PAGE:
Linda Makgabutlane: Please explain the narrative that Qash-Qash explores and what your intention was in making the work.
Nomcebisi Moyikwa: In Qash-Qash everything follows from the principle that the black subject is not to be reduced to a simple symptomatic—resisting, reactionary—subject, but rather that we hear in her what is “unreal”, calling attention to modes of black articulacy previously overlooked. I was proposing that, in order to stage an utterance (not an explanation or analysis); we include thought of the black subject in her primary language (not the language of transformation, recovery, rediscovery, or freedom). What was proposed, then, was a series of portraits that offer the reader a discursive site: the site of me speaking within and through myself.
This reading attends to the enjoyment, relations, pleasure, fantasy, absence, dispossessions, traumas, anxieties, expectations, expenditure, silence, magic, attachments, and negotiations attached to the making of “new” forms of personhood that are formed in journeying to find narratives that move beyond responding and reacting to colonial and apartheid narratives. Qash-Qash, known as the game of wonder and described in a physical way, is that moment when one begins snapping one’s fingers when he/she is trying to explain that which they know and feel, but cannot remember or cannot explain in verbal language. It is that which is already felt, but which, however, remains nameless and formless. It also speaks of that which is not attainable, not explainable, cannot be stolen, cannot be repossessed, that which was left for those who were stripped naked. It remains mysterious to those for whom it was protected and reserved. Its existence can only be confirmed by the body that is hosting it and it can only speak through the body that shelters it.
“We remain on the road searching for what is, in most cases, already within us and for what is us”, said Mandla Mbothwe (2014) in Alude Mahali’s paper titled A Museum of Bottled Sentiments: The ‘beautiful pain syndrome’ in twenty first century Black South African theatre making. This particular expression alludes to what I felt and still feel every day in my attempts to find a self-definition that moves beyond responding and reacting to colonial and apartheid narratives. It speaks of my body’s gesture caught in action and not contemplated in repose—the body of athletes, unprepared orators, statues—what in the straining body can be immobilized. I struggle in a kind of lunatic sport, I spend myself. Qash- Qash is myself at work; making, “worlding”.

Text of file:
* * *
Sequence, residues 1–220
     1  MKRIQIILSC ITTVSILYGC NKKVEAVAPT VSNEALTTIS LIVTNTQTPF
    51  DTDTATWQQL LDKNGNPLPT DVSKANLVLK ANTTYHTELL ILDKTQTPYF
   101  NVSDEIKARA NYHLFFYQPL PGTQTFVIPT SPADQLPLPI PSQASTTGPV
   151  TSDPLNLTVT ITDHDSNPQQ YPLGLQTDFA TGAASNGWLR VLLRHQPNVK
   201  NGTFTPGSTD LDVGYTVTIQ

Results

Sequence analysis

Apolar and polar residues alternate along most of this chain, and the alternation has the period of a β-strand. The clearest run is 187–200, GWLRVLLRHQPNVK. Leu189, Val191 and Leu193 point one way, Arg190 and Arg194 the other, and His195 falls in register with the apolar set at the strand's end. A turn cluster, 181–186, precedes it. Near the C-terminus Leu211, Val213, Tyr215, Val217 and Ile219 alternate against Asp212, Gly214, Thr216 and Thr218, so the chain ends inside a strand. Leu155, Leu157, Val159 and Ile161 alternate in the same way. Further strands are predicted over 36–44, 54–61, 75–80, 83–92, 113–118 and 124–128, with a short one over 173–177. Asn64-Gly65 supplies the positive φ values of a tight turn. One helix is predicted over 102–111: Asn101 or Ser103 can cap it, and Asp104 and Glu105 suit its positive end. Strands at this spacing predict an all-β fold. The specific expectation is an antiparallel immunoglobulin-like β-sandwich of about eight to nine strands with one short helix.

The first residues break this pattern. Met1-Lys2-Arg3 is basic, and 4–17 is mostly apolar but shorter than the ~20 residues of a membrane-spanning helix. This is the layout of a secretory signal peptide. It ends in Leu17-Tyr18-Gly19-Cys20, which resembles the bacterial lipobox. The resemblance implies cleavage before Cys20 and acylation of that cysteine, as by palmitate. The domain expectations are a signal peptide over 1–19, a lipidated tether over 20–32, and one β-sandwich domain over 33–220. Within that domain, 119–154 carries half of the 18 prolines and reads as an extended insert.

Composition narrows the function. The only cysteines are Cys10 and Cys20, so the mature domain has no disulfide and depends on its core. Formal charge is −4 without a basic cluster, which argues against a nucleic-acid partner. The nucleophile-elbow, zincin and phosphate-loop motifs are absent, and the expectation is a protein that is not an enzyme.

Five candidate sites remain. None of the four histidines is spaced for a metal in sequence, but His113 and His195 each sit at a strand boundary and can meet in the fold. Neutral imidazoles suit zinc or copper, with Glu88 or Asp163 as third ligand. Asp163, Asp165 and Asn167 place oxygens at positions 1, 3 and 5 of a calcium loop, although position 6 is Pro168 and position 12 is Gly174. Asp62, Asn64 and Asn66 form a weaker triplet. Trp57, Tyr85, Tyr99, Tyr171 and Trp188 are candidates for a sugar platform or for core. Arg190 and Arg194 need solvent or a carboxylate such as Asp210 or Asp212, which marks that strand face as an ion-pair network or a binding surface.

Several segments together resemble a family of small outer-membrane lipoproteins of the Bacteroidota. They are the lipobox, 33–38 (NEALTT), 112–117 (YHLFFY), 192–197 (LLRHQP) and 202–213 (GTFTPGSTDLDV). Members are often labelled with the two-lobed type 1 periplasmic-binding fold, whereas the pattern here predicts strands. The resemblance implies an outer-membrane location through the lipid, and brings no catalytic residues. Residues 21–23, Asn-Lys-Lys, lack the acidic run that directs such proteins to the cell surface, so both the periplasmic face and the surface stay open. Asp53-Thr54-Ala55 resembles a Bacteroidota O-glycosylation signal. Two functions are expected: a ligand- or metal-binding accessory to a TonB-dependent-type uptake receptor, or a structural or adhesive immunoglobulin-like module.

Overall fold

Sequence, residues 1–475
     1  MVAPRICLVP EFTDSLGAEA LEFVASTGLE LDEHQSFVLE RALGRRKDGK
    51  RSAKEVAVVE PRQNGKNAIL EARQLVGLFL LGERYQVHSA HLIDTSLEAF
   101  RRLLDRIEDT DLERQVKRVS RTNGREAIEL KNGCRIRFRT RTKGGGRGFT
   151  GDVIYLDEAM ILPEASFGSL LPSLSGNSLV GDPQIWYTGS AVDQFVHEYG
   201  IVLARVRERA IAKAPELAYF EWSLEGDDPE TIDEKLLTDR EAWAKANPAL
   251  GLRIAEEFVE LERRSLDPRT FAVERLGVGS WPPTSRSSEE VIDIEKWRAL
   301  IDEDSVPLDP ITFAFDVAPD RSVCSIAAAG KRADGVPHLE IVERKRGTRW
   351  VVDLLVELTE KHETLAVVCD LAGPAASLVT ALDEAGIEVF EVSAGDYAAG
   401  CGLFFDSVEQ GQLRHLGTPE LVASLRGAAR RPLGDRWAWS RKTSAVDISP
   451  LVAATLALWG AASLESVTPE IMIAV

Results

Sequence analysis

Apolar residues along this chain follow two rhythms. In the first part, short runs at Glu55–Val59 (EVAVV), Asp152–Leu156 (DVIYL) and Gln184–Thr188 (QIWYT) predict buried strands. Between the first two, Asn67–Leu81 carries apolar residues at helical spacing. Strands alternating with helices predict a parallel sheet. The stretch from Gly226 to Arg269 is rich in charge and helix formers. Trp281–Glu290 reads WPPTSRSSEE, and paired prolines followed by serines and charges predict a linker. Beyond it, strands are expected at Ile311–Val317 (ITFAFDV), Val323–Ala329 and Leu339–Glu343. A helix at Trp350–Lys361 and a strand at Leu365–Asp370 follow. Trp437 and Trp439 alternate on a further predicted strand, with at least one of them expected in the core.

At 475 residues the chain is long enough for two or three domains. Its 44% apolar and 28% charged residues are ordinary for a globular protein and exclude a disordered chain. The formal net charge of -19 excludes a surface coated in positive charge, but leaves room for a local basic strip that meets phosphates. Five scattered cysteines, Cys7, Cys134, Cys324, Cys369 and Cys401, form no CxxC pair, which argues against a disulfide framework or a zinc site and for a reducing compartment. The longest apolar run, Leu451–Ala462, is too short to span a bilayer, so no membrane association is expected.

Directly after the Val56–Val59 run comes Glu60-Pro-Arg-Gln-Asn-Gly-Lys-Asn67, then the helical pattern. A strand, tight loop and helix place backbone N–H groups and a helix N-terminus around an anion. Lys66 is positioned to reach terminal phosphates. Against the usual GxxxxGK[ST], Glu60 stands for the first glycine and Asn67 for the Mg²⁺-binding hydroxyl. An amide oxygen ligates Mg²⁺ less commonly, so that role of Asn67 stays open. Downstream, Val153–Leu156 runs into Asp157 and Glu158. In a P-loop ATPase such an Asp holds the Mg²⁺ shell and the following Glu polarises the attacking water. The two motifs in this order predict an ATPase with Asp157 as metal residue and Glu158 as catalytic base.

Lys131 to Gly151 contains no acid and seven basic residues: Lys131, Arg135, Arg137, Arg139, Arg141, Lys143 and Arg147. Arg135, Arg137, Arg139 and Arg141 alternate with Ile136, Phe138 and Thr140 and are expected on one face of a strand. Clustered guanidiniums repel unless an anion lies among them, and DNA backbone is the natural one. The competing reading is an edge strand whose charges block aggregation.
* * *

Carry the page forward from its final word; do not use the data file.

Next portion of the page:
LM: I enjoyed watching the work as it felt close to my experiences of being guided by other black females of older generations, like my mom and grandmother. I was reminded of how I both draw on them and differ from them, and how parts of their influence inform me in varying degrees and have lead me to my own (different) ways. What socio-political condition informed the piece?
NM: What I was attempting to do with Qash-Qash was to imagine what it means to be human. Being human, in this context, signals not a noun but a verb.
Being human is a praxis of humanness that does not dwell on the static empiricism of the un-fittest and the downtrodden and situate the most marginalized within the incarcerated colonial categorization of oppression; being human as praxis is, to borrow from Maturana and Varela, “the realization of the living” (Wynter, 2015:8).
LM: Yes you are quite correct—the socio-political condition can be easily equated with the human condition. What informed your choices in the set, props and materials you used in the performance? What shifted from the conception phase to what we saw on stage and why or how?
NM: I never know why I choose my props. As a theatre maker I always navigate towards sets and props that have the potential of making language and worlds. For example, a kettle for me has that—it boils, it hisses, it sweats, spits heat that forms a fog which then gets swallowed by the coldness of a room. That’s one world.
Another world is the world of the familiar where we recognise the kettle for its function(s). Boiling water to make tea maybe? That’s another world.
I also thought about the relationship that this object has accumulated with the person who put it on. What does it mean to put it on? What does it mean to boil water? What possibilities this language we get from “ukwenza” (doing) has. Can we possibly think of words as worlds? We however need to enter language as we do worlds and think of the possibility of detaching them from their historical and conceptual meanings. This is a process of considering, not only the end of the historical, social and political meanings of language, but also the meaning of meaning itself. This is an invitation to “attend to words and things beyond what is ordained by their immediate occasion and the most impelling necessities they address or appear to address” (Sekyi-Otu, 2003:7).